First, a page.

These words are demagogic slogans, designed to cloud analysis of public issues. One recent letter writer in The Berkshire Eagle on April 19 characterizes abutters to the Lowry/ Burbank site as displaying "a NIMBY attitude," being out-of-date in their "elitism," which word is based, the letter implies, with those residents who built "big houses along Stratton Road."
The letter writer is verging close to starting, what some like to call in our national elections, class warfare. Let’s start with the words themselves. We are to understand that "NIMBY" (not in my backyard) is a bad word, implying selfishness and lack of community feeling. But it’s much more illuminating to call it an out-of-date word that has been less than useful as an argument.
When it comes to environmental questions, the land, water and air know nothing about our man-made boundaries that mark out neighborhoods. In a town our size, the residents’ "backyard" is the whole town.
This is true not only because building on any site affects the water, soil and air beyond the boundaries of that one site, but also because the Lowry and Burbank properties are hayed to feed our local farmers’ stock, which provides food for the town, which we prize to stay healthy.
In addition, these properties are the whole town’s backyard because they provide to all the most centralized open space, clean air and relationship to wild flowers, trees, wild animals and views of mountains of any site.
What about "abutter" as an accusation? Are we to understand that residents who live in the Stratton Road neighborhood should have no say about proposals to develop that neighborhood? Those who reside adjacent to the legally designated town conservation land of Lowry and Burbank (since 1987) have a right to expect the site will continue to serve as conservation land. That’s called the Rule of Law.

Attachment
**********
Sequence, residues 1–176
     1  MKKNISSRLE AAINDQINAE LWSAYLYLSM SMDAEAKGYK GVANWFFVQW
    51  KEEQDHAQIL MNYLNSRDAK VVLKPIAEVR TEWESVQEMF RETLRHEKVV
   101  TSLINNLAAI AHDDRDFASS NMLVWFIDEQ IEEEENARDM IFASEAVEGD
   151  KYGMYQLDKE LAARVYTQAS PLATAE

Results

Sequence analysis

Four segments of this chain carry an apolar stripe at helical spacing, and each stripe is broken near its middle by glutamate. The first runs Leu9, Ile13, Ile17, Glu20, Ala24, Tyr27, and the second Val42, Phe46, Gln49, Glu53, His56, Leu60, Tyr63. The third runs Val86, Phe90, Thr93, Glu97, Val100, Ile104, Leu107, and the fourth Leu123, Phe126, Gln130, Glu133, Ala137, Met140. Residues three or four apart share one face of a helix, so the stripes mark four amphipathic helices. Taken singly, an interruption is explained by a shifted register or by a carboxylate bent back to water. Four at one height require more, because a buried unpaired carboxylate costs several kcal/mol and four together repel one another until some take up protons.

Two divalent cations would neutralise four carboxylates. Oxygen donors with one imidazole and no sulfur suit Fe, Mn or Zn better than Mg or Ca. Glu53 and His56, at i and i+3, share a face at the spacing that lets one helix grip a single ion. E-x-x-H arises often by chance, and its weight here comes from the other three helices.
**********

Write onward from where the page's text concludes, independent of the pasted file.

What’s more, the claim that most of those trying to protect Lowry and Burbank are abutters is plain wrong. Just count the more than 300 names and addresses on the citizens petition that set up the special town meeting to vote on conserving Lowry and Burbank -- over half live outside the Stratton Road neighborhood.
Those of us wanting to keep Lowry and Burbank as permanent conservation land want to preserve this natural site. We want to keep the land producing and open for our admiration, for our own and our children’s sakes. We believe that the whole local community, the whole town, is connected, as farming is connected to nature, and food to farming, and good health to good food.
It’s those connections that we all want to preserve, permanently. It is important that we do so now, by voting for it, at the April 24 special town meeting.